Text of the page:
In the same way, issuing rights to unit holders to subscribe for units in the trust at less than their market value would result in the unit holders deriving income of the value of the rights. As noted above and for similar rights issued to shareholders, section 59-40 of the ITAA 1997 may now apply to treat the value of the rights at the time of issue as non-assessable and non-exempt income of the unit holder. The section will apply where conditions are met, including that the rights are issued to the unit holder because of their ownership of the units, that the original units and the rights be neither revenue assets nor trading stock at the time the rights issue, that the rights not be acquired under an employee share scheme, that the original units be neither traditional securities nor convertible interests for tax purposes, and that the rights not be traditional securities for tax purposes.
'Renounceable' and 'non-renounceable' rights
The decision in McNeil does not depend on a distinction between 'renounceable' and 'non-renounceable' rights. As a matter of commercial terminology, different rights are likely to be described as renounceable or as non-renounceable in circumstances which do not necessarily correspond to the principles applied in McNeil . Nor are the terms used commercially with a single consistent meaning.
Rights issued to a shareholder or unit holder which can be traded, assigned or otherwise dealt with as commercial objects in their own right by or for the holder (as well as being exercised or being allowed to lapse), and which are received by a shareholder or unit holder by reason of their share or unit holding, will be income according to ordinary concepts. This follows from the fundamental principles articulated in Montgomery and McNeil concerning income from property. For 'call' options, that is, for rights to a shareholder to acquire further shares in their company or to a unit holder to acquire additional units in their trust, section 59-40 of the ITAA 1997 may now apply to treat the value of the rights at the time of issue as non-assessable and non-exempt income of the shareholder or unit holder, as noted above.
Where a right issued to a shareholder or unit holder cannot be traded, assigned or otherwise dealt with as a commercial object in its own right by or for the holder, but can only be exercised by the shareholder or unit holder or allowed to lapse without compensation or consideration to the shareholder or unit holder, the value of the right issued will not be income from the share or unit and will not be derived when the right is granted. In such a case any gain embodied in the right is not severed from the shareholding or unit holding but can be realised only by selling back the equity holder's share or unit (for a sell-back right) or by the equity holder themselves acquiring more shares or units and selling them (for a call right). This situation is analogous to that of entitlements to bonus shares.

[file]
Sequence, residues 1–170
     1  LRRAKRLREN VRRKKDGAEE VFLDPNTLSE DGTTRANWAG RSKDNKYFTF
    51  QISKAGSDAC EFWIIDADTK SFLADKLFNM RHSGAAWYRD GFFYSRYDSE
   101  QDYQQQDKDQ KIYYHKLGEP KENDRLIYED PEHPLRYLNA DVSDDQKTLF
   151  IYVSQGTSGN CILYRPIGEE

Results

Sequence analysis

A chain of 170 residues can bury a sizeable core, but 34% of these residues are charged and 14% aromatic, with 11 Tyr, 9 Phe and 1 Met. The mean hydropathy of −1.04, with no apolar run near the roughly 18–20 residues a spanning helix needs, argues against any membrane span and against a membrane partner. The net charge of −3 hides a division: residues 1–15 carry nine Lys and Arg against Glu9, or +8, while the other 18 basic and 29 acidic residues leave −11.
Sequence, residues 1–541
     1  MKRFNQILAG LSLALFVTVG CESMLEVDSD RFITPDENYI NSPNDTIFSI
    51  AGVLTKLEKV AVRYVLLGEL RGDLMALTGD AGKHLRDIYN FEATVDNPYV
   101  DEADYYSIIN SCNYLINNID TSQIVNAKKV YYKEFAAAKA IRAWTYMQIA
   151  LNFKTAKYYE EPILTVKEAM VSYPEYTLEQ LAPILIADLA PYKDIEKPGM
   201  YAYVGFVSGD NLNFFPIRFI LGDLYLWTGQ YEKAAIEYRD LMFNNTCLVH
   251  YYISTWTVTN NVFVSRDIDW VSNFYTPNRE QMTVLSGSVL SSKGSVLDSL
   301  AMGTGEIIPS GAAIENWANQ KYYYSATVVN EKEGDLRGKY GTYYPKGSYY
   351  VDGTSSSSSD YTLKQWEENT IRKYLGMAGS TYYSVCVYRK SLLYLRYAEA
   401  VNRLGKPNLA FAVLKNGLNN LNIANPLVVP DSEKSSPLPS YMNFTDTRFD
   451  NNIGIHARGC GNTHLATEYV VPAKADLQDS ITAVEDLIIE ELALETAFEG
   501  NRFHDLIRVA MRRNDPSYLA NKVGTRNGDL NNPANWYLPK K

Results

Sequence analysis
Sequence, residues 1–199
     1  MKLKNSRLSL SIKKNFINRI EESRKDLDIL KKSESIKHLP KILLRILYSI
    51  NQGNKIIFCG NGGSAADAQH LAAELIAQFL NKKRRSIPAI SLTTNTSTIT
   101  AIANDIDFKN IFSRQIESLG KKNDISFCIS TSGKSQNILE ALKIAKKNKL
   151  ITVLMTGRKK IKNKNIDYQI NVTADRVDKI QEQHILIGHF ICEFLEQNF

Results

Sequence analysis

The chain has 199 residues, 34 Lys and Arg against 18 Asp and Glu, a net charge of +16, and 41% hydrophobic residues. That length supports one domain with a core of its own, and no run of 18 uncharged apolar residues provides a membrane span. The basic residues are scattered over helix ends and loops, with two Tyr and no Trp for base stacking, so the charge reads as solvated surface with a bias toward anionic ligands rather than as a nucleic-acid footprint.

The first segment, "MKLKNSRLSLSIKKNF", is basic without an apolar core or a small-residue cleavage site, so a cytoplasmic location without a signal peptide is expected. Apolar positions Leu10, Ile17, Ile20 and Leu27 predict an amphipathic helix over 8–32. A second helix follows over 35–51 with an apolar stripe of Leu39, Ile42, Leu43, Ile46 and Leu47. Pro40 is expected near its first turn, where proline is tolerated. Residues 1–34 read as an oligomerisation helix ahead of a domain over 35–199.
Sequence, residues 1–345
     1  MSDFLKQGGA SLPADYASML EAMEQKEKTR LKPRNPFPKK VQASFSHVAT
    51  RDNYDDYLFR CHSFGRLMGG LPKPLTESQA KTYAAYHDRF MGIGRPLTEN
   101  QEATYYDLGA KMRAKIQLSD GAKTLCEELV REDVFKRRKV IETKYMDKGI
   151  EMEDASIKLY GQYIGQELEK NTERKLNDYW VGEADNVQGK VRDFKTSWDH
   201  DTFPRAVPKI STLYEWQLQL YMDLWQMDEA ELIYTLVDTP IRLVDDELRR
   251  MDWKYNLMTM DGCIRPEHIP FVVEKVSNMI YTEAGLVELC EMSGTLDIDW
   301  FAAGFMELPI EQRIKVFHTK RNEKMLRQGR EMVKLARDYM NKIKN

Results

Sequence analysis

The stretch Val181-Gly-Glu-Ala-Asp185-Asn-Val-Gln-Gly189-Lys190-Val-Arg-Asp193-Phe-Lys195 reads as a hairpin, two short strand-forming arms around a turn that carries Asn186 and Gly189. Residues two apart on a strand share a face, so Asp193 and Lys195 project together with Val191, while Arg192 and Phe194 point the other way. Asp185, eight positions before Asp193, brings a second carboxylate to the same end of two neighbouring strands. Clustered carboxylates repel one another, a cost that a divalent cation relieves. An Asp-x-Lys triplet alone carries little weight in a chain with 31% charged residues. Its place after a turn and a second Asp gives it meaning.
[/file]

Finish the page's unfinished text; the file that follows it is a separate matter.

Where such a right is issued to a shareholder or unit holder under arrangements which provide that the shareholder or unit holder is to be compensated should the rights neither be exercised nor dealt with, or should arrangements provide compensation to a shareholder or unit holder for not being issued such a right, that compensation will be income accruing to the shareholder or unit holder. So far as the value of the right has already been included in assessable income on issue of the right, the compensation will not be assessable again, so the compensation is included in income only to the extent that it exceeds the amount included in assessable income arising from issue of the right. To the extent that this compensation is less than the income arising from the issue of the right, the shareholder or unit holder will be entitled to a deduction. The value of the rights in McNeil was itself income, with the shareholder's rights being sold for the shareholder for more than the value of the rights when issued and the net proceeds paid to the shareholder; the High Court did not need to decide the consequences of the disparity between them. Tax consequences in a case where the shareholder was entitled to compensation rather than to the proceeds were not explored in the judgments.
Where a shareholder decides to apply a dividend they have derived to subscribe for additional equity, the shareholder's right to subscribe arises from the derivation of the dividend and the decision of the shareholder to apply it in that way. The right may have value (such as because the dividend may be able to be subscribed for equity worth more than the amount of the dividend). However, Taxation Determination TD 2000/3 expresses the Commissioner's view that the shares subscribed for are not issued in relation to the original shares. The right to subscribe is itself in relation to the dividend, rather than in relation to the original shares on which the dividend is derived. The McNeil decision does not alter the view of the Commissioner expressed in TD 2000/3.